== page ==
WASHINGTON Researchers at Stanford University presented an environment-wide association study, a systematic examination of the contributions of hundreds of factors in the development of Type 2 diabetes, the National Institutes of Health reported.
The authors examined 226 separate environmental factors, including nutrition and exposure to bacteria, viruses, allergens and toxins. They found that certain factors, notably a pesticide derivative and the environmental contaminant PCB, were strongly associated with the development of diabetes. Other factors, including the nutrient beta-carotene, served a protective role.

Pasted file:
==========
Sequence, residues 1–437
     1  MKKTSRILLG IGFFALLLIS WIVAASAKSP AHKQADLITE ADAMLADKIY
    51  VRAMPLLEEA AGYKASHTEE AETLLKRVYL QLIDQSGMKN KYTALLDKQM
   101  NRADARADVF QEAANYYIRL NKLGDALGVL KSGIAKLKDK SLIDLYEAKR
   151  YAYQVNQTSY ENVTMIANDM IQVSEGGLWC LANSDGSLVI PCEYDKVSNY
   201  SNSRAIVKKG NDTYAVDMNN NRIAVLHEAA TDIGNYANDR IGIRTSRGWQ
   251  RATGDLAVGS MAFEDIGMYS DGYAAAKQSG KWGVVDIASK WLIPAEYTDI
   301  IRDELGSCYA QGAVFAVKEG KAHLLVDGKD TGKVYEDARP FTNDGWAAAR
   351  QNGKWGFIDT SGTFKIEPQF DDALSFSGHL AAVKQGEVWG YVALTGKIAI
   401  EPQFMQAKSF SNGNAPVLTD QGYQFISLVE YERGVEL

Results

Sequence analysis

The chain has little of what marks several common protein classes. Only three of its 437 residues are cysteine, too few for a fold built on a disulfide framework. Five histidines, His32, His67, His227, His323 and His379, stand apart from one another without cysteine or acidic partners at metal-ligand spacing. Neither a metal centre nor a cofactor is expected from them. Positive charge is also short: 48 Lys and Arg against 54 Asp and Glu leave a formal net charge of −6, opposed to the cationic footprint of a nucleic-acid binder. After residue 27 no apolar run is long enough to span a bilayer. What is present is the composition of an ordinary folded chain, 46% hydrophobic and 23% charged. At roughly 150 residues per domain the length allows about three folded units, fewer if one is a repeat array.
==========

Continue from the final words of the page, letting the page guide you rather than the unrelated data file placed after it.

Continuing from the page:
NIH, which funded the first-of-its-kind study, appeared in the May 20 issue of PLoS One.
The authors acknowledge that many challenges remain, including the fact that, unlike the genome, "the environment is boundless."